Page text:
The rumored movie version of Atlas Shrugged is driving the Objectivist cineasts out of the woodwork: first Arthur Silber, then Diana Hsieh, and even Ian Hamet was inspired to awaken from a two-week hibernation. Will it be good? This is a matter of applying Haspel’s Three Laws of Film Adaptation.
1. The better the book, the worse the movie. The novel is the best vehicle ever devised for conveying people’s inner life. The movies and the theater are the best vehicles ever devised for conveying people’s outer life. That the latter map poorly to the former should be no great surprise. Inner life is conveyed in the theater by the soliloquy, which is horribly clunky, and in the movies by the voiceover, which isn’t much better. Good acting can only help so much, and is scarce. How many times have you read a critic praising an actor for “hinting at the hidden depths” of a character? That the depths are hidden is precisely the problem.
Especially “interior” novels, like those of Henry James, tend to be turned into especially bad movies. The one James novel that become a successful movie is Washington Square, which he first conceived as a play. (But see Law #3.)
Great novels also live by their language, most of which is lost on film. There’s plenty of action in Moby-Dick, but you don’t read it for action, you read it for the whiteness of the whale. Naturally the (1956) film version of Moby-Dick, despite being directed by John Huston and adapted by Ray Bradbury, was a profound disappointment, even if we set aside the problematic casting, to put it kindly, of Gregory Peck as Ahab. It’s a creditable sea yarn, just not Melville. The operation was a success, but the patient died.
2. The longer the book, the worse the movie. The longer the book, the more you have to cut. The more you cut, the more mistakes you make. In many ways Bonfire of the Vanities was an excellent candidate for the screen. It’s a very behaviorist novel, not at all “interior” as good novels go: its theme is that what we are pleased to call personality is in fact a howling void. But it is nearly 700 pages long, at least 500 of which had to disappear. Michael Cristofer, the screenwriter, couldn’t decide what to part with, choosing instead to reduce every major subplot to a quarter of its former size, mystifying anyone who had not read the book and infuriating anyone who had. The resulting hopeless hash cannot be entirely attributed to Brian De Palma’s inability to understand anything but gore. Or take the King Vidor version of War and Peace. Please.
My two favorite movies of great books are Robert Z. Leonard’s 1940 version of Pride and Prejudice, largely because I’m in love with Greer Garson, and Stanley Kubrick’s 1963 Lolita. Both books are short.
3. The more faithful the adaptation, the worse the movie. Piety afflicts modern directors especially. They all grew up on movies and TV, and tend to genuflect toward literature when they stumble on it later in life. Martin Scorsese turned The Age of Innocence, a beautifully subtle novel, into a static bore by trying to convey every last nuance. You got the impression that it was the first book Scorsese had ever managed to read all through. The authors of his other screenplays must envy his overscrupulous attitude toward Mrs. Wharton.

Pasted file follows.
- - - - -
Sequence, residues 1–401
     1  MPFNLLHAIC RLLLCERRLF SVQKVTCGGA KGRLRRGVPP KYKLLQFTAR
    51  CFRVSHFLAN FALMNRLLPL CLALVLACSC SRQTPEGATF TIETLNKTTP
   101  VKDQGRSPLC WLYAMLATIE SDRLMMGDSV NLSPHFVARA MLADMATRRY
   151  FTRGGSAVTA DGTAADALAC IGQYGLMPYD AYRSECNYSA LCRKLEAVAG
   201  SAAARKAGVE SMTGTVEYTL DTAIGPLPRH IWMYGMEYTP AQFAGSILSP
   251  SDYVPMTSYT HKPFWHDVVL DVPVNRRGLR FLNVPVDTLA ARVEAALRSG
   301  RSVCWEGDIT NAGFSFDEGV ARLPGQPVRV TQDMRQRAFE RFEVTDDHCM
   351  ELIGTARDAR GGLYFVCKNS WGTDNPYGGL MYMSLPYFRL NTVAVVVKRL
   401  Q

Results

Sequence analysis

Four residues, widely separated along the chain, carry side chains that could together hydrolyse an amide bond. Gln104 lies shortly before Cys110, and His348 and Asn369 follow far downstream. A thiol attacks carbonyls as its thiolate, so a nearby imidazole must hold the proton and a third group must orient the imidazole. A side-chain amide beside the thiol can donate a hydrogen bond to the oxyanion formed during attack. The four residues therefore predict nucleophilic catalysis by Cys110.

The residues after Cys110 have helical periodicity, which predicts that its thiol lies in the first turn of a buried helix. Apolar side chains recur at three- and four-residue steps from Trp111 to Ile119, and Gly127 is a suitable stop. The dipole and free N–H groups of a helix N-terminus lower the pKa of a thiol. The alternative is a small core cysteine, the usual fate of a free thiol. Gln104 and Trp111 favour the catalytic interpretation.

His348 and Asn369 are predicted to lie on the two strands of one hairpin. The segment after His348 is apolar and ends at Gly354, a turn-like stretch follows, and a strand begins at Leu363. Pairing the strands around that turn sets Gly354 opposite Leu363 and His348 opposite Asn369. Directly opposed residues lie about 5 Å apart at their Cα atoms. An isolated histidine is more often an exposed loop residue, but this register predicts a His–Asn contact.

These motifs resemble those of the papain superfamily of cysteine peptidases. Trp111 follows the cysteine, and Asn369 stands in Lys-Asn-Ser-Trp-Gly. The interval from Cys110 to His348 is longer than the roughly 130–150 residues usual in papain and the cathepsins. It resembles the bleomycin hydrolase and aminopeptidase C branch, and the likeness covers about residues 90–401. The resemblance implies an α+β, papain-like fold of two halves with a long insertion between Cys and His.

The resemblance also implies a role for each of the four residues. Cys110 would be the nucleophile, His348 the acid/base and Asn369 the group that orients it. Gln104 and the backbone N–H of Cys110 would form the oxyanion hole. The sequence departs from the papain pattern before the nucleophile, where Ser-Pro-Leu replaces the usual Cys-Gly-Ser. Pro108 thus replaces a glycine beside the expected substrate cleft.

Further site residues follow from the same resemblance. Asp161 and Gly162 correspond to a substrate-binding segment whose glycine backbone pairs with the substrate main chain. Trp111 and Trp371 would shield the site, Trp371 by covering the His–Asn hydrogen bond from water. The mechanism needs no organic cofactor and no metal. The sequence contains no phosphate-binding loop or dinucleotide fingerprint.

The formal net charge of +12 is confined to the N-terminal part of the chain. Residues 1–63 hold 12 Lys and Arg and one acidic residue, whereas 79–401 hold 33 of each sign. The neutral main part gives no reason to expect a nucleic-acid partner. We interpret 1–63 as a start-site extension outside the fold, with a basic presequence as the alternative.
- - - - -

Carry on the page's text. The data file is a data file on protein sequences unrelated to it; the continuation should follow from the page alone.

To return to Washington Square, Agnieszka Holland’s 1997 version suffers by comparison with William Wyler’s much looser 1949 adaptation, The Heiress. The novel, and Holland’s film, end with a highly civilized meeting between Catherine and Morris, her penniless former suitor who deserted her for fear that she would be disinherited. Now that Catherine’s father is dead and her fortune is secure, Morris clearly wishes to marry, Catherine equally clearly wishes not to, and that is that, although not a word is said directly on the subject. It works brilliantly in the novel and is DOA on film. In Wyler’s version Morris proposes to Catherine again, she pretends to accept him, and locks the door on him when he comes back around to collect her. The movie ends with Morris pounding on the door as it dawns on him what she has done. Riveting on film, ridiculous on the page.
Atlas Shrugged, then. I view Atlas more as a gussied-up work of philosophy than a novel, exactly. Its characters haven’t much in the way of an interior life, and in any case it is Ayn Rand’s way for everyone to say exactly what’s he’s thinking, over and over again. (No one ever lies in her novels, not even the villains.) On the one hand, works of philosophy haven’t much cinematic future. On the other hand it has an awful lot of action for a work of philosophy, and God knows there’s plenty to cut. If we had only Law #1 to go on, the jury would still be out.
Law #2 we can pass over quickly. The book is 1200 pages of eyestrain print, and the whole in this case will assuredly be less than the sum of its parts. The story of the 20th Century Motor Company would make a better movie than the novel itself.
As for Law #3, James Hart, who is signed to write the screenplay, is a keen Atlas fan, which means he’ll want to get as much of the philosophy into the movie as he can, so we’re bound to have Francisco on the meaning of money and plenty of John Galt speaking. Fidelity will sink Atlas just as it sank the movie version of The Fountainhead. Conventional wisdom blames the failure of the movie on Gary Cooper as Roark, and admittedly he is terrible, so terrible that he said so himself later. (Patricia Neal is almost as bad.) Yet the penultimate scene in The Fountainhead, Roark’s lengthy courtroom speech, is cinematically hopeless, no matter who’s playing him. Imagining Galt’s speech on film I leave as an exercise for the reader.
(Update: As for “No one ever lies in Ayn Rand’s novels,” One of my commenters points out that the characters lie all over the place in Atlas Shrugged. Having just reread the first 100 pages and caught three whoppers, I take it back.)